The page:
Comparing Benchmarks: AT vs IBM

Before we close things out, let's spend a moment summarizing our results and comparing the performance we saw to the kind of performance advantages that IBM advertises POWER8 is capable of.

From a high level perspective, the S822L is more expensive and consumes a lot more power than a comparable Xeon system.

With limited optimization and with the current Ubuntu 15.04, the performance-per-watt ratio favors Intel even more as the POWER8 barely outperforms the very efficient 120W TDP Xeons. So there is no denying that the Intel systems offer a superior performance/watt ratio.

However, it would be unfair to base our judgement on our first attempt as we have to admit this our first real attempt to benchmark and test the POWER8 platform. It is very likely that we will manage to extract quite a bit more performance out of the system on our second attempt. IBM POWER8 also has a big advantage in memory bandwidth. But we did not manage to port OpenFOAM to the POWER platform, probably the most likely candidate for leveraging that advantage.

We are less convinced that the POWER8 platform has a huge "raw CPU compute advantage," contrary to what for example IBM's SPECJBB (85% faster ) and SAP (29% faster) results seem to suggest.

For example, IBM's own SPECjEnterprise®2010 benchmarking shows that:

SAP is "low IPC" (hard to run many instructions in parallel in one thread) software that benefits much from low latency caches. The massive L3-cache (12-cores, 96 MB) and huge thread count are probably giving the IBM POWER8 the edge. The RAM bandwidth also helps, but in a lesser degree. IBM clearly built POWER8 with this kind of software in mind. We had individual threadcount intensive benchmarks (LZMA decompression) and L3-cache sensitive benchmarks (ElasticSearch), but t o be fair to IBM, none of our benchmarks leveraged the three strongest points (threadcount, L3-cache size and memory bandwidth) all at once like SAP.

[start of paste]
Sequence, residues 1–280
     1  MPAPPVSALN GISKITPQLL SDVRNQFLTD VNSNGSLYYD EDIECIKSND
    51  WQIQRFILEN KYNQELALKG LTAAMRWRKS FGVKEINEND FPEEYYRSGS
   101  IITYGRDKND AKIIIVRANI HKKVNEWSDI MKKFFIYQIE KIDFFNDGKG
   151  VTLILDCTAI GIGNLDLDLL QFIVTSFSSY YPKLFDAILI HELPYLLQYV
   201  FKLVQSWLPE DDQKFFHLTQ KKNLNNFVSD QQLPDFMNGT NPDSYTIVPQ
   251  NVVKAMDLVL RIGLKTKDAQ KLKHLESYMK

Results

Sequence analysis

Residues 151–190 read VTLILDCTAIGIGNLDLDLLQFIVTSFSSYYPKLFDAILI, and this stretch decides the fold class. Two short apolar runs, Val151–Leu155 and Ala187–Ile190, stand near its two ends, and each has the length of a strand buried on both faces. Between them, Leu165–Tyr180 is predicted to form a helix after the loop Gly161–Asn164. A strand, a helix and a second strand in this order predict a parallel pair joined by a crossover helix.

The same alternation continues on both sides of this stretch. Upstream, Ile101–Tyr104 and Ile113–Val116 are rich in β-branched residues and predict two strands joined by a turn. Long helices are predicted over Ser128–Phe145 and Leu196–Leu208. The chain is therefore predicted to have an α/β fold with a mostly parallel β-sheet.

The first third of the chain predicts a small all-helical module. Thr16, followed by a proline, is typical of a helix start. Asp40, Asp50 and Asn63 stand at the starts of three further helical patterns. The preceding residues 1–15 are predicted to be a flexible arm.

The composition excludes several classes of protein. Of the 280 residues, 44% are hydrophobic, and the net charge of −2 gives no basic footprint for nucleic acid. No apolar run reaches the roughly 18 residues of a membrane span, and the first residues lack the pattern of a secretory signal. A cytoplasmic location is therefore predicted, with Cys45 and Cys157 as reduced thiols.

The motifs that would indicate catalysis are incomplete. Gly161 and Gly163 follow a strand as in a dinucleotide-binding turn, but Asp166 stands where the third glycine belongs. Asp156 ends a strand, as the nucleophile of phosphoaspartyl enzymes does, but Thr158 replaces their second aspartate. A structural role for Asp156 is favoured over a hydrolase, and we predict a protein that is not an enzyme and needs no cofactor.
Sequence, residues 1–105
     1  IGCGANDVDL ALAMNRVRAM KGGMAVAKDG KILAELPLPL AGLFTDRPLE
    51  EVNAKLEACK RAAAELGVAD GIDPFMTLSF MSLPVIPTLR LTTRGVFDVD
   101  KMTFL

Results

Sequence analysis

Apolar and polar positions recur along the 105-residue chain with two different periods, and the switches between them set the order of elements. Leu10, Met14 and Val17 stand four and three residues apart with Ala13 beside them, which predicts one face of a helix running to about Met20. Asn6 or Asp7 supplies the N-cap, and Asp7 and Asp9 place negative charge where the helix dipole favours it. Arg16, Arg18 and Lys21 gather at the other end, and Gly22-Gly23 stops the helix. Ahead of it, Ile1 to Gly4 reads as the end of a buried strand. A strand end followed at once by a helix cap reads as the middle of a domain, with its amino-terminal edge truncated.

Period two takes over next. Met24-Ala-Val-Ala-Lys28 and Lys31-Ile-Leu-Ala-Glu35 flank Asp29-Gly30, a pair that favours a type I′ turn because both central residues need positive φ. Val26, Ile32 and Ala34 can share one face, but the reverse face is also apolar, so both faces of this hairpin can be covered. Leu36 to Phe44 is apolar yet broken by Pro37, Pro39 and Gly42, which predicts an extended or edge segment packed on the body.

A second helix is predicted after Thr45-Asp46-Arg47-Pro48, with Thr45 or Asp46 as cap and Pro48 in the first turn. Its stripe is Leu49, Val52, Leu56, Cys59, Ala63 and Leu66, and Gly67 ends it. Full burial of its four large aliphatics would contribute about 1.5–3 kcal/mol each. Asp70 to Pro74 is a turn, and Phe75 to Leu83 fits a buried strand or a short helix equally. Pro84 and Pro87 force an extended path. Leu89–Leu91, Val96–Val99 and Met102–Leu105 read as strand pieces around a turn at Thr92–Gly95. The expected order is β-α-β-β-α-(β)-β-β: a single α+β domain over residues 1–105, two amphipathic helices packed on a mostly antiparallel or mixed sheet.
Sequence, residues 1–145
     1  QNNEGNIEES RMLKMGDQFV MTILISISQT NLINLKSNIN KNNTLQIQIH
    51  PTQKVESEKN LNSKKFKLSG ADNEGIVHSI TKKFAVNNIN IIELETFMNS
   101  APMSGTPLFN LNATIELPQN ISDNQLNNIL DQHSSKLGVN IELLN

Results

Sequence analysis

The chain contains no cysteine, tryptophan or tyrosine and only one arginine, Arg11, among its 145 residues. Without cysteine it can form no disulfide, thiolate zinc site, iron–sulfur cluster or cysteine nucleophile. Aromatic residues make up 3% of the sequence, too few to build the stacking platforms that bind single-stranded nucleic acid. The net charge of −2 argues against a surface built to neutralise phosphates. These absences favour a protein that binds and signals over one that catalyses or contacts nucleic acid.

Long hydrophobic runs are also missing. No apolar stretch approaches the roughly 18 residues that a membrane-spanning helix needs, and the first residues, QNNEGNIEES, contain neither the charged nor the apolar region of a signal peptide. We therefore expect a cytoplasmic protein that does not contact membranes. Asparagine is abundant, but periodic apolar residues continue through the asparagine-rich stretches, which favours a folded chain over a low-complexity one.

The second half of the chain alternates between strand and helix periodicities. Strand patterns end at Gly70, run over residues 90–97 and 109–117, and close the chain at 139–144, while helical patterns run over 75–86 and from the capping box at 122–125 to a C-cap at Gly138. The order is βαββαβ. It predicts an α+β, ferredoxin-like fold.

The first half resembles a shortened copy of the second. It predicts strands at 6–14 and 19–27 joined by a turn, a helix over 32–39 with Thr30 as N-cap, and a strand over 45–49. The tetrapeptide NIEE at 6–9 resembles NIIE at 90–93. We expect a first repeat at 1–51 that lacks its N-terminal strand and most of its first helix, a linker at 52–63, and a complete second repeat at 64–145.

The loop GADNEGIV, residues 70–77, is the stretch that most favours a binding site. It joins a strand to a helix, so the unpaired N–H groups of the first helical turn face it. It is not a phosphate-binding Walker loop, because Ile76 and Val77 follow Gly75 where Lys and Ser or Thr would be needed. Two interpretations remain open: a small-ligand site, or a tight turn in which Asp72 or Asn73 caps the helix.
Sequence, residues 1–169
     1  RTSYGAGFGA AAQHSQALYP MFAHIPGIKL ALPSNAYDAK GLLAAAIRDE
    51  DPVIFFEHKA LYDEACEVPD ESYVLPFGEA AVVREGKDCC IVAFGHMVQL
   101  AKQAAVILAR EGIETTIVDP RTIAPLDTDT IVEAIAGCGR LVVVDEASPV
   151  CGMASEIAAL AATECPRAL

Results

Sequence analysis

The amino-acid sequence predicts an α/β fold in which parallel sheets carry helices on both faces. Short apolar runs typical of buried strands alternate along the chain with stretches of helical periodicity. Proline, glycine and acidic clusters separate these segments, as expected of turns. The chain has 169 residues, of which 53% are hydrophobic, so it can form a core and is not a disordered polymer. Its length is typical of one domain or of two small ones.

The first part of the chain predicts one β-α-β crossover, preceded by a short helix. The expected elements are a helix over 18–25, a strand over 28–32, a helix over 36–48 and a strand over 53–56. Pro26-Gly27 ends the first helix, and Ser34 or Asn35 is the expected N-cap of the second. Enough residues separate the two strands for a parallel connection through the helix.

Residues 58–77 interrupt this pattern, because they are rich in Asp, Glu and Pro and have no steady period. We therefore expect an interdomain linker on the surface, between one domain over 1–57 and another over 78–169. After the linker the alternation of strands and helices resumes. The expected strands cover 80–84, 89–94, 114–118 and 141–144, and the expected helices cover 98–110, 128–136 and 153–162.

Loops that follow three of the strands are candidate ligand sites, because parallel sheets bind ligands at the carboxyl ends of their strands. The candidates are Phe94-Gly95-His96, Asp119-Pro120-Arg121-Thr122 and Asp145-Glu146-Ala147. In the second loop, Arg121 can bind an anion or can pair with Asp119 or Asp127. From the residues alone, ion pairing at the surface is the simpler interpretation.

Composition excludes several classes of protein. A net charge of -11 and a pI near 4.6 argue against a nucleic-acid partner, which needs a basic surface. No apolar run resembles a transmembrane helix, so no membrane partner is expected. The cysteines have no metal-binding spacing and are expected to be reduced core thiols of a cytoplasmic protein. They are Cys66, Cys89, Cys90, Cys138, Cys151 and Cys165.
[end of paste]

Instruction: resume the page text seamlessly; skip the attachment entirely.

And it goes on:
SPECJBB2013 has recently been discontinued as it was not reliable enough. We tend to trust the jEnterprise test a lot more. In any case, the best POWER8 has a 17% advantage there.

Considering that the POWER8 inside that S824 has 20% more cores and a 3% higher clockspeed, our 3.4 GHz 10-core CPU would probably be slightly behind the Xeon E5-2697 v3. We found out that the 10-core POWER8 is slightly faster than Xeon E5-2695 v3. The Xeon E5-2695 v3 is very similar to the E5-2697 v3, it is just running at a 10% lower clockspeed (All core turbo: 2.8GHz vs 3.1GHz). So all in all, our benchmarks seems to be close to the official benchmarks, albeit slightly lower.

Closing Thoughts: A Mix of Xeon "E5" and "E7"

So let's sum things up. The IBM S822L is definitely not a good choice for those looking to lower their energy bills or operate in a location with limited cooling. The pricing of the CDIMMs causes it to be more expensive than a comparable Xeon E5 based server. However, you get something in return: the CDIMMs should offer higher reliability and are more similar to the memory subsystem of the E7 than the E5. Also, PCIe adapters are hot-pluggable on the S822L and can be replaced without bringing down the system. With most Xeon E5 systems, only disks, fans and PSU are hot-pluggable.

In a number of ways then, the S822L is more a competitor to dual Xeon E7 systems than it is to dual Xeon E5 systems. In fact, a dual Xeon E7 server consumes in the 600-700W range, and in that scenario the power usage of S822L (700-800W) does not seem outrageous anymore.

The extra reliability is definitely a bonus when running real time data analytics or virtualization. A failing memory chip may cost a lot when you running fifty virtual machines on top of a server. Even in some HPC or batch data analytics applications where you have to wait for hours for a certain result that is being computed in an enormous amount of memory, the cost savings of being able to survive a failing memory chip might be considerable.